DNR fire officers monitor a prescribed burn from the deck of a Marsh Master, a vehicle that floats.Because of residences to the north and adjacent highways, the crew needed a north-to-northwest wind to burn safely without sending too much smoke in the wrong directions, Osterland said.

"We don't want to impact the local residents or the highways," he said. "Years ago, the only way we could do this was in the winter because we didn't have the amphibious equipment we have now."

Site preparation was similar to those at Verona, but the crew did not need to cut a firebreak as ditches, dikes, roads and open water ringed the perimeter. The crew created black lines along the perimeter - paying special attention to areas around the utility poles that run through the marsh - before setting the larger fire.

The prescribed burn was accomplished in a matter of hours and achieved its objectives, Osterland said.

Fire is a common tool for wetlands management, said Joe Robison, the wildlife biologist who oversees the DNR managed waterfowl areas of southern Michigan.

At Verona State Game Area, a DNR fire crew supervises a prescribed burn. "Burning is part of our management to eradicate phragmites," he explained. "We typically spray it, then burn it to get rid of it, then put water on top of it to deter it from growing back. Then we try to keep the water level high enough to keep it from coming back and allow the native plant species back in.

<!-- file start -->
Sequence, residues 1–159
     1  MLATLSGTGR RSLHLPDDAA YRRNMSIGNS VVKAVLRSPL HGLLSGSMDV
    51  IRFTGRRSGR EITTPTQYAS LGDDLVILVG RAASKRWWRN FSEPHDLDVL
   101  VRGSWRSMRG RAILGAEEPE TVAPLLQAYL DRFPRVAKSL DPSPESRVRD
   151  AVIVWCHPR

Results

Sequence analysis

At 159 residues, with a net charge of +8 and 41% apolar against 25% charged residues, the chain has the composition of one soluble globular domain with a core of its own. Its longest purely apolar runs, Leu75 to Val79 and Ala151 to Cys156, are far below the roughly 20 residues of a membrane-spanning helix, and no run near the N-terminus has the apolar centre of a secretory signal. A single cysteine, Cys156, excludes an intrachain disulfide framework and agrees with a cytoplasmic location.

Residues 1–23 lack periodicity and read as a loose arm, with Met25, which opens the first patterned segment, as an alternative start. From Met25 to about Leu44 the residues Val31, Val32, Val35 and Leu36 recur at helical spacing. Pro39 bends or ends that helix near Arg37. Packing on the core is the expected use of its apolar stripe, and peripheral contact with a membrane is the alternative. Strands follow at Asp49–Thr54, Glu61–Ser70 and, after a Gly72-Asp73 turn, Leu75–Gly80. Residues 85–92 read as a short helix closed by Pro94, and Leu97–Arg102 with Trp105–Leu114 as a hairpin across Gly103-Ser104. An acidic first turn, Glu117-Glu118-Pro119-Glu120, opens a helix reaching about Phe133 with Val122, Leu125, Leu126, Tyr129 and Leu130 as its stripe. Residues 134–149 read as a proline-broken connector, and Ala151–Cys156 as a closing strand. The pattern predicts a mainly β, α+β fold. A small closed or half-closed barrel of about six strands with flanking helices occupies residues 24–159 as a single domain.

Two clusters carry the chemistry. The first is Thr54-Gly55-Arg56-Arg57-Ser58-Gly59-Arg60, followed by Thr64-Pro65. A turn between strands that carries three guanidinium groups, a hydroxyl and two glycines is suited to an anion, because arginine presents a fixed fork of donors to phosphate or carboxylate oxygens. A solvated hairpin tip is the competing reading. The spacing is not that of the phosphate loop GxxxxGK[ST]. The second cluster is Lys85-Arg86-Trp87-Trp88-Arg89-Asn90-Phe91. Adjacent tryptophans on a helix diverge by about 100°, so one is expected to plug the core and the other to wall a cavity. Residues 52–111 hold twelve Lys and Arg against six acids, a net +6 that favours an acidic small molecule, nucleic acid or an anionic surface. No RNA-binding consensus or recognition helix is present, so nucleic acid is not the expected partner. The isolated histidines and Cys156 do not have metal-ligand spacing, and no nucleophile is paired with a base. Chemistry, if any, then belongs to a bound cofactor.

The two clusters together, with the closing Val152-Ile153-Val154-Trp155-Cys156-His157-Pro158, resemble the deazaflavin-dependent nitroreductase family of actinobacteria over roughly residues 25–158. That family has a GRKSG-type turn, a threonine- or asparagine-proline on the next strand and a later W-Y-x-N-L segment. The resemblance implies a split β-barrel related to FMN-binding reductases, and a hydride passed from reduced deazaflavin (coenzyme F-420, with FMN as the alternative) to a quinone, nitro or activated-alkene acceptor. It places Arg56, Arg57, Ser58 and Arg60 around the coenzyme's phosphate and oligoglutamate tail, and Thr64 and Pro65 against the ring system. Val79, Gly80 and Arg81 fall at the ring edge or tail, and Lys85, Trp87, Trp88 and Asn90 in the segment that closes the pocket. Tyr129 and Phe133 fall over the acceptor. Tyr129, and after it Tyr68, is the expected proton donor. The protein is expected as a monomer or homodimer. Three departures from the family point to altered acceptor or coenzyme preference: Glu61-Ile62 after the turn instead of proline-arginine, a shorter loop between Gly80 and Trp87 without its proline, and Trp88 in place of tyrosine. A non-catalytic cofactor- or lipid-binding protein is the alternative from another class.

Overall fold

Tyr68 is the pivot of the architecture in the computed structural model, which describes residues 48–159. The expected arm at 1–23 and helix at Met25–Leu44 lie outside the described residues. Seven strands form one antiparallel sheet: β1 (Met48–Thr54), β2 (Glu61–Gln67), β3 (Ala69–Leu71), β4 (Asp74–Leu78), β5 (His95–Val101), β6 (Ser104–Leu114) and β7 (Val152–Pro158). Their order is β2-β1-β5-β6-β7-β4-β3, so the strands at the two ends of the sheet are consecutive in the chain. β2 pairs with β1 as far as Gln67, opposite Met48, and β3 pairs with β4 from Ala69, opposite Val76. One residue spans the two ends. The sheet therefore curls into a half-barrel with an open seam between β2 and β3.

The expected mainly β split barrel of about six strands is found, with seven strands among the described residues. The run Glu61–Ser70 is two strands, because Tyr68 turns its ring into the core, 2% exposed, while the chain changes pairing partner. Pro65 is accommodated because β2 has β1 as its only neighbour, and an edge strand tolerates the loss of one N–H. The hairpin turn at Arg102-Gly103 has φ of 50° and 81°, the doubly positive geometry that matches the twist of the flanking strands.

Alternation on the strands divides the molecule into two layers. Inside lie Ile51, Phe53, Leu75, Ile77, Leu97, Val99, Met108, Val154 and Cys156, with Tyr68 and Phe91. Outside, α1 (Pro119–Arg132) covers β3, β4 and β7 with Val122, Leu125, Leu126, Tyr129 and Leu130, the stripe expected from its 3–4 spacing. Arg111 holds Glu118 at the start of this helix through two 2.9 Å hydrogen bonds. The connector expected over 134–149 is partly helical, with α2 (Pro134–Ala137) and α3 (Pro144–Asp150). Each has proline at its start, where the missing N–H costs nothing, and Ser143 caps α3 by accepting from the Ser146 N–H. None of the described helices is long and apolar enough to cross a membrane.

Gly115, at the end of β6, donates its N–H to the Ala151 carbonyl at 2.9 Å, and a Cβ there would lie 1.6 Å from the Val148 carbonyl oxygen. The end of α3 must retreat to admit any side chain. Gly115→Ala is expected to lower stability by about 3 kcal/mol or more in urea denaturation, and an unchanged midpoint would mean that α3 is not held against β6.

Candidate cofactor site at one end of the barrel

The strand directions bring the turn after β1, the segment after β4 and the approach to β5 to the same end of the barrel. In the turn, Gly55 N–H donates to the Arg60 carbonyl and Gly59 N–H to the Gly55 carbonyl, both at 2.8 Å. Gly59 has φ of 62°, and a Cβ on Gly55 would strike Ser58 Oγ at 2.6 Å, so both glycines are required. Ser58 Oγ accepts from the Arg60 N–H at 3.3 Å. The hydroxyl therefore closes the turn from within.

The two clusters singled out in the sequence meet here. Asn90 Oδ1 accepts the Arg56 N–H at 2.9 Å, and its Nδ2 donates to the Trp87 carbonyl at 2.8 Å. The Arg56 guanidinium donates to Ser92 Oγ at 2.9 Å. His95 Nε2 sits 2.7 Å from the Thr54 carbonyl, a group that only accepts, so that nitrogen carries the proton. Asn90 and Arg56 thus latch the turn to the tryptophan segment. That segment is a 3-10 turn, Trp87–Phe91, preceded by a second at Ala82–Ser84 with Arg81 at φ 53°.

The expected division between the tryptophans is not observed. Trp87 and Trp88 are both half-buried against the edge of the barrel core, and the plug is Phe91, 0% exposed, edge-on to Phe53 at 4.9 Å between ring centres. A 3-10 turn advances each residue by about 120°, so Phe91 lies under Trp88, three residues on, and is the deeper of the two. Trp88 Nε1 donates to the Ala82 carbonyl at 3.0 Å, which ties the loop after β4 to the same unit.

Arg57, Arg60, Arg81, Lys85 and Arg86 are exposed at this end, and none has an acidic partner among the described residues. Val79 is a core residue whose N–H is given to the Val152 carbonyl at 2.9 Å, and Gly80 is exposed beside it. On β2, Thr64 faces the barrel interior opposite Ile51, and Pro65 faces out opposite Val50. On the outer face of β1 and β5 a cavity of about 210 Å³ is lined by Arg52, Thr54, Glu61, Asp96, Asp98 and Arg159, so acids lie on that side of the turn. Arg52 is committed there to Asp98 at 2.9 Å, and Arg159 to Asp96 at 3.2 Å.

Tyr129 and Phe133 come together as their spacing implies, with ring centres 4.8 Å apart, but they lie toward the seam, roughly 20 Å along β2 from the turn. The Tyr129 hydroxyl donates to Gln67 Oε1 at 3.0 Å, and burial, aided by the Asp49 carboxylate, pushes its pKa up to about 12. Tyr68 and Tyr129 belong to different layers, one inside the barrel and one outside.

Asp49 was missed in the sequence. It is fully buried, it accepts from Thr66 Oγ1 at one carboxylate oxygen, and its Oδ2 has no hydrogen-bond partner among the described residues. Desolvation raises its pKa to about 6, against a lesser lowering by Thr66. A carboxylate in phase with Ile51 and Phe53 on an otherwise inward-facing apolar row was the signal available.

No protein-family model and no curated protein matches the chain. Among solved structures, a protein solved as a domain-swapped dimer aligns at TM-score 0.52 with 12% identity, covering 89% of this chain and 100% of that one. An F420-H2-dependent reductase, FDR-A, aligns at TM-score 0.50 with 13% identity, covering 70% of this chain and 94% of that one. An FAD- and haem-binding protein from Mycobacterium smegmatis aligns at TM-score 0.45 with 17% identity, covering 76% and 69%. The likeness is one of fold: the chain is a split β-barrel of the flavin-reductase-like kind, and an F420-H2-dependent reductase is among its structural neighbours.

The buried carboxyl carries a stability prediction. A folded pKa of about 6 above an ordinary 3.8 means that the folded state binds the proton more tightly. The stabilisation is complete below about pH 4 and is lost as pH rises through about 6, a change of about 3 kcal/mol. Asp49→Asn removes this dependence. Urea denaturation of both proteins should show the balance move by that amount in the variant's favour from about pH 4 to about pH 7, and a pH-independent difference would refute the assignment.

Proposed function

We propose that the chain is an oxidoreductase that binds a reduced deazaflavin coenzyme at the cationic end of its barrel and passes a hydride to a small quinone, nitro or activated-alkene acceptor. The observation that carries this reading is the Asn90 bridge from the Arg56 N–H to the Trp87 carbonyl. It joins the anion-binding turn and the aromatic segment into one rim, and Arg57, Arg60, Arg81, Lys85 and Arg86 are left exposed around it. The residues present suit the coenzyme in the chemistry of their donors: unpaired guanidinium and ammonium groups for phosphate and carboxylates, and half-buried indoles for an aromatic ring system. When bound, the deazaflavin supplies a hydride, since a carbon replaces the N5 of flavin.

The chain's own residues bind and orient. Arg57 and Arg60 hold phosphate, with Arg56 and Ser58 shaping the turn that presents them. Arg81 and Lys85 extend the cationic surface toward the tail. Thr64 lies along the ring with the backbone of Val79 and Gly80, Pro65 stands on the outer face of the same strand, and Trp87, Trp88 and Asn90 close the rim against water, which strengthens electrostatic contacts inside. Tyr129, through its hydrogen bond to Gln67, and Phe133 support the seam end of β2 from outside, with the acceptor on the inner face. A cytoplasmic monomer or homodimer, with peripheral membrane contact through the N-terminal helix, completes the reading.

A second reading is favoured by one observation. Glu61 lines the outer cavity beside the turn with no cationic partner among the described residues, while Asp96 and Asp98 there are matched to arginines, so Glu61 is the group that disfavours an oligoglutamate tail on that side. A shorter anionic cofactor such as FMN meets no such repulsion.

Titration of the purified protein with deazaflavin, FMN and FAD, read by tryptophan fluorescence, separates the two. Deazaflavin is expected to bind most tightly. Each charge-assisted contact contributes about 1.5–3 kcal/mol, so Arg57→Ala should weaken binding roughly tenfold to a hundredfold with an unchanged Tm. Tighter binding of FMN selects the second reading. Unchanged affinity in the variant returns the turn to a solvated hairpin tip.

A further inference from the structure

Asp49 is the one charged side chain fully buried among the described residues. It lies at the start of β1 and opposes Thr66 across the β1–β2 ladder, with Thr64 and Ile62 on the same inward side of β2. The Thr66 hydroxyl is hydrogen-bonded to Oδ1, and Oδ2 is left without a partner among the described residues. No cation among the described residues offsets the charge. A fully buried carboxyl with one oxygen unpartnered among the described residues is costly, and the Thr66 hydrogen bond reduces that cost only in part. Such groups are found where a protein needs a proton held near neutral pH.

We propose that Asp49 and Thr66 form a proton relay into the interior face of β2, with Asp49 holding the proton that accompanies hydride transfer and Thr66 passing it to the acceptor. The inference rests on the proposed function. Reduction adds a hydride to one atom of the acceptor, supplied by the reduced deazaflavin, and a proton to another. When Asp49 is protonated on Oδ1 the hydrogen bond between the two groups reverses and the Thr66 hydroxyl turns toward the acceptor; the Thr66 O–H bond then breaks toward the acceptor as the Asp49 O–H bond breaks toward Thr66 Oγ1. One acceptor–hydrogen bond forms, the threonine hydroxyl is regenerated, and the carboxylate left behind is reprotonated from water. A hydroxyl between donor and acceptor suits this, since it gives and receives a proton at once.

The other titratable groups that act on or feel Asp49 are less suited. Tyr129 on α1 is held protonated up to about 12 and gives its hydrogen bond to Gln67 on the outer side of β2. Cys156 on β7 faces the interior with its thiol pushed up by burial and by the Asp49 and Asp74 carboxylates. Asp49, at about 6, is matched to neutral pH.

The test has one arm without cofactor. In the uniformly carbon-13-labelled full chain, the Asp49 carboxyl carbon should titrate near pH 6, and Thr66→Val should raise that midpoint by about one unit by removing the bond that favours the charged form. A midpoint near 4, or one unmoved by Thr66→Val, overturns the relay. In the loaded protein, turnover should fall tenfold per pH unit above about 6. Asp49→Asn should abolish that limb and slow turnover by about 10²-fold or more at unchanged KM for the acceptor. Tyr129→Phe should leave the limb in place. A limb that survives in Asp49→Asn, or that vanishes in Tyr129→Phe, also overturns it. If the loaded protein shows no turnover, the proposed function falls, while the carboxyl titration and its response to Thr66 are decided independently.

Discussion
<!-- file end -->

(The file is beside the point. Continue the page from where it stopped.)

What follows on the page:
"With cattail marshes, sometimes they become a single monoculture," Robison continued. "It becomes solid cattails. We try to manage them as hemi-marshes - half open water and half vegetation. That's a great mix for waterfowl for their whole cycles - staging, food availability, nesting and brood-raising."

Every prescribed burn is different, Robison said.

"There's no cookbook recipe," he said. "The habitat manager has to look at it and make a decision on what he's trying to accomplish."

It's been a busy season for FRD fire crews as the division has completed some 54 burns through late April, more than were conducted all of last year. Wildlife Division has more on its wish list, but prescribed burns are time, equipment and labor intensive.

"This is a direct result of us being able to direct $500,000 toward habitat improvement this year," said Wildlife Division Chief Russ Mason. "And that's a direct result of the change in the license fee structure."

Though spring will soon shift into summer, FRD is by no means finished burning for the season.

"We've got a lot of burns to do yet," Osterland said. "We do a lot of burns in the spring - a lot of them call for the burn prior to growing season. But you have different mixtures of vegetation with cool-season grasses and warm-season grasses responding differently. Sometimes we'll burn in the summer so we'll get a little bit different kind of vegetation coming up.

"We conducted late burns in June last year in elk habitat to set back brush."

Similarly, FRD will be conducting prescribed burns for its own purposes.

"We often conduct slash fires (from timber sales) during the summer as the debris has dried out and the surrounding greenery makes it easier to control the fire," Osterland said. "That makes it easier to get the equipment in for planting an area."

For more information on prescribed burning and the DNR's Fire Program, visit